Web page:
To celebrate darkness, then, is to celebrate a world of difference, a world in which some things remain hidden, invisible, unspoken, unsayable. Only felt. Only thought. To celebrate darkness is perhaps itself then an act of openness to otherness that we might call love itself: to love not only what we see, but also what we do not and perhaps cannot see. To have a sort of faith: love is best in the dark, even if pornography wants to tell us that love is best in broad daylight.
In being about night and love, then, ‘Barcarolle’ also contains a chaosmopolitan dimension.
Oddly enough, given that the form of the ‘barcarolle’ comes from the boatsmen who pilot gondolas in Venice, Margaret also ends by taking us to Venice, the city that stands on the water and the straight lines of which (cosmos) are interrupted by the lunar, tidal cycles of the night (the chaos of water).
Furthermore, ‘Barcarolle’ is the piece of music that Guido (Roberto Benigni) plays in the concentration camp in order to tell his wife Dora (Nicoletta Braschi) that he is still there in La vita é bella/Life is Beautiful (Roberto Benigni, Italy, 1997).
As the music plays, Benigni’s camera drifts across the camp – from the window at the Nazi party where he is working as a waiter – through the mist and to the dorm where Dora listens.
This is a very cosmopolitan camera movement that breaks down the barriers that have been set up between the Jewish inmates and the Nazi soldiers – a barrier that is broken through music – which like film is a temporal art form. The moment is thus also chaosmopolitan, as it allows Guido and Dora both to remember the past (their love for each other) and to dream of a different future (life outside of the camp). That is, the music allows them to feel/experience a different time beyond the time of the now.
Is it that Lisa is thinking of Life is Beautiful when she hears ‘Barcarolle’ in Margaret – and that she cries as she remembers the suffering of her Jewish ancestors during the Holocaust?
But we have further to go.
Giorgio Agamben argues that we live in a ‘concentrationary universe’ in which the concentration camp becomes the model of the contemporary world under globalization: closed off, not open, controlled, not chaotic, a permanently lit panopticon, that must of course use the techniques of cinema (lighting in order to surveil) in order to function.
If in the camp there is only the now of survival, then the contemporary world that features only the now of work is also a camp of sorts. As Deleyto discussed in his talk, the border can constitute an improvised camp (think of refugee camps near Calais). And so in the globalized world of now and the immanentisation of the camp (it is everywhere), then this is also the immanentisation of the border (the border is everywhere, and every infraction into it – into my personal space – is an offense and a justification of violence as I do not accept or tolerate otherness, to which I am not open, but from which I have instead closed myself off).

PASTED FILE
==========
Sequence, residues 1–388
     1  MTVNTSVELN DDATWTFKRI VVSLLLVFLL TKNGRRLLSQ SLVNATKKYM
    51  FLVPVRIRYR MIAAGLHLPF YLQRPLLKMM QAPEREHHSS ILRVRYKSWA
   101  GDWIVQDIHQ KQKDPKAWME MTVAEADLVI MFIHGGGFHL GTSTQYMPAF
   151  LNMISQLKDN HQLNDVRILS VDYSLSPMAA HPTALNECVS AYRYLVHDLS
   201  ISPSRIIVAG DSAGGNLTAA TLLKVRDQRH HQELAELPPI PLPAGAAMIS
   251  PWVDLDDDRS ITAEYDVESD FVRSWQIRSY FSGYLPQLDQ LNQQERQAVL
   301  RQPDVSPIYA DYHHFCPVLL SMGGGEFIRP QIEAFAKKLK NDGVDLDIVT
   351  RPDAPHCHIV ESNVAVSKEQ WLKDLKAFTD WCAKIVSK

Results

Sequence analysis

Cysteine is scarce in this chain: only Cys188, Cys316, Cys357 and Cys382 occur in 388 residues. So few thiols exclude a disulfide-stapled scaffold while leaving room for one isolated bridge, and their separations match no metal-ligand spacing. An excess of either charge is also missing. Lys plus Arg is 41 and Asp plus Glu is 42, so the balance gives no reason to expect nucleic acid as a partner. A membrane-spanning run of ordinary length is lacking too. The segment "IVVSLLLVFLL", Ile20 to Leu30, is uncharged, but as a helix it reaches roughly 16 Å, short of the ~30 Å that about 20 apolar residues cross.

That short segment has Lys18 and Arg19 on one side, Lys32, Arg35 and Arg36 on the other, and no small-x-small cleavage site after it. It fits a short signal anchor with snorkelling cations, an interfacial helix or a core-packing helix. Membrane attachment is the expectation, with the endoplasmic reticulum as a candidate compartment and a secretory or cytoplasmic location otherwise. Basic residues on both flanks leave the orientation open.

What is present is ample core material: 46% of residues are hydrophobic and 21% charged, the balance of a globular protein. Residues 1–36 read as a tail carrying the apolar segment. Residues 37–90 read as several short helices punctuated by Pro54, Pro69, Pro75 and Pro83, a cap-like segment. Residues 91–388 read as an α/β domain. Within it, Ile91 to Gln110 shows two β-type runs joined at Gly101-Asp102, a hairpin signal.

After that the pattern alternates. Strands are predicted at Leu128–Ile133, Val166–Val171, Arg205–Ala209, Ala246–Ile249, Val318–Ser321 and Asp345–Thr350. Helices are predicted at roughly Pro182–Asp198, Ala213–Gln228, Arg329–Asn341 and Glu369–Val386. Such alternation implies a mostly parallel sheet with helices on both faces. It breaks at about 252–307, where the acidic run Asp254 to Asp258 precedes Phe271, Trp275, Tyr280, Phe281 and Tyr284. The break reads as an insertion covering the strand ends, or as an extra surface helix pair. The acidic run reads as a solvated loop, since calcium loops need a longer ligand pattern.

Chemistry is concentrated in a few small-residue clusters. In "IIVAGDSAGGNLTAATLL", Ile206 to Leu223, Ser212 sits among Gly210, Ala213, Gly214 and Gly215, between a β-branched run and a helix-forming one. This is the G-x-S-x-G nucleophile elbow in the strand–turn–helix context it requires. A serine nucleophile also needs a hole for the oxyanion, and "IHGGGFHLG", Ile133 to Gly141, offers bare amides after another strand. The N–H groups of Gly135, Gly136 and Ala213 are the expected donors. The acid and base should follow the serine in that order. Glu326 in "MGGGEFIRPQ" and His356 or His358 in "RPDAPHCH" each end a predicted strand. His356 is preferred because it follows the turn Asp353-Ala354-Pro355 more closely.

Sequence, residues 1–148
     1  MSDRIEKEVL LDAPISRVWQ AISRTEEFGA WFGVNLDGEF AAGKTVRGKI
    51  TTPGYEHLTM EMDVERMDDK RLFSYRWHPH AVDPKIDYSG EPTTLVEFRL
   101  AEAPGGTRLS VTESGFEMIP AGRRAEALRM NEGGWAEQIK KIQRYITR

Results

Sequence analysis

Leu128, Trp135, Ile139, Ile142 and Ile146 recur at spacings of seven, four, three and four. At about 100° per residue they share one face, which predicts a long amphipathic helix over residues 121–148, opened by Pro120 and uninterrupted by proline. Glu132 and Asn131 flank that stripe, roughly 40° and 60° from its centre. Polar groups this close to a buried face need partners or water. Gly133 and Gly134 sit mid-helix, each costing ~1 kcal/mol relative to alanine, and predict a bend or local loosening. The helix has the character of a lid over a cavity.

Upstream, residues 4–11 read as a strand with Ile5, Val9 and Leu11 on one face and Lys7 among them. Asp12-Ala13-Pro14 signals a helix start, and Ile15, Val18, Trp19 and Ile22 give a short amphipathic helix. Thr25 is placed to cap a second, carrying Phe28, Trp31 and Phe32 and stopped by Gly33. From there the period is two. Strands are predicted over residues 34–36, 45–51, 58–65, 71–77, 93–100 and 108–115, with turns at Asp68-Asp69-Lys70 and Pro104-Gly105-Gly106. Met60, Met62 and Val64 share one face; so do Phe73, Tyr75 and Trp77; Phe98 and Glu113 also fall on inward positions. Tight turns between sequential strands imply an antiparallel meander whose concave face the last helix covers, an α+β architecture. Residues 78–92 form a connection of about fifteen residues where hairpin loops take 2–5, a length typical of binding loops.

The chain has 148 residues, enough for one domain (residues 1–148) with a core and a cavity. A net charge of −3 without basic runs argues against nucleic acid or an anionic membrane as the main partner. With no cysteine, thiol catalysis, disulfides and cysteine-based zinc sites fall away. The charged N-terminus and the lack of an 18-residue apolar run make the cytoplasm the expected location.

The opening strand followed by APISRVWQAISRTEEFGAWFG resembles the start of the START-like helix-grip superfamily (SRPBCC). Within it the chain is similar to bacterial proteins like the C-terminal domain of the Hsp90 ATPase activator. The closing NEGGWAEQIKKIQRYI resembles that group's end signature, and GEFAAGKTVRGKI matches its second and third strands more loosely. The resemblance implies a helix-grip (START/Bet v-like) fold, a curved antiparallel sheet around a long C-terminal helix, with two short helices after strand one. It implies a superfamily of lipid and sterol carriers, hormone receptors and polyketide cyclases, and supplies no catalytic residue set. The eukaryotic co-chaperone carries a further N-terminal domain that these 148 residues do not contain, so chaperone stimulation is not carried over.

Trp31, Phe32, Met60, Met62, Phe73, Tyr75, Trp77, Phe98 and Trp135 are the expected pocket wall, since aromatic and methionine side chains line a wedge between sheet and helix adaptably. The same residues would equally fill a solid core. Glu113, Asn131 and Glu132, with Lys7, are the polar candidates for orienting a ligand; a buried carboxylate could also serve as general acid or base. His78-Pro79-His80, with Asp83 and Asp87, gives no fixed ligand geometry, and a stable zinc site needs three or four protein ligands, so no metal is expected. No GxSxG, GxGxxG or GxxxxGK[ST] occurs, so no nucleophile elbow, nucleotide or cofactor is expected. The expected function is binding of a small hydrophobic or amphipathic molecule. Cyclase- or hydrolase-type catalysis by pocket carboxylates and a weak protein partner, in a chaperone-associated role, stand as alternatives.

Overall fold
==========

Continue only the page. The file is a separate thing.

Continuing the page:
In such a world, where cinema has been a key purveyor of the values of the now, of the camp, of the border, a chaosmopolitan cinema must go beyond cinema – beyond the frame and beyond its typical tempos/rhythms. It must involve darkness and entirely different rhythms.
For, without such chaosmopolitan openness to otherness, to change and to difference, then we only have a cinema of light, a cinema of a single rhythm and a cinema of now (timely, not untimely, thereby not being quite of its age so much as destroying the concept of age itself, as nothing ever ages/changes – the capitalist quest for eternal youth).
Such a cinema may seem to make everything visible – but in fact it brings with it an occult crime that is beyond visibility, and which can never be figured on a screen, namely the unholy horror that is the Holocaust itself. If we do not embrace a little darkness everyday, if we do not reject cinema and its capitalist logic, then we lose our memory and we lose our imagination, and we allow for another Holocaust to take place.
But more than this. For if there is one other thing that cinema cannot capture in addition to the Holocaust, then it is globalization itself. Cinema can allude to it, but never really show it, for while globalization involves making everything visible (the permanent working daytime of the screen), globalization is, like cinema itself, invisible. Chaosmopolitan cinema must be self-conscious in order to show itself, it must be self-reflexive, and it must perhaps therefore alienate its viewers.
But yet more. If the Holocaust and globalization are not visible, and yet they are the inevitable consequence of a world that is only about the now of the screens and thus of visibility, then this is because globalization is a sort of Holocaust. In trying to destroy the night, in trying to wipe out darkness, faith and love, then murder becomes a perverted measure of ‘love,’ a jealous destruction of the other for their very difference/invisibility that is a love turned to hate.
The logic is something like this: if you will not show me your total self, if you will remain partially invisible to me, then I shall make you permanently invisible via death, because that is what you seem to be wanting. In this perversion, evil is most truly evil because those who commit it think that they are doing someone else a favour, even though the other did not ask for death. Instead, they just asked to be allowed a little space of their own, a little time of their own, something not controlled, in short some freedom.
As we move into a world of permanent light, permanent work, without sleep, and thus with no dreams, with no space of our own, no time of our own, and no memory, then the border becomes everywhere, and we create a new concentration camp (the camp is created through concentration, i.e. the shrinking of both space and time), a new Holocaust. Cinema plays a large part in that process. A chaosmopolitan cinema must take us beyond that, beyond the light of cinema, into different rhythms, and perhaps beyond cinema and the logic of the screens themselves, and into non-cinema, the non-cinema of night and love, where the water caresses the hard land as it feels the pull of the dreamy moon. A little bit of lunacy. If we don’t love each other, we’ll end up killing each other.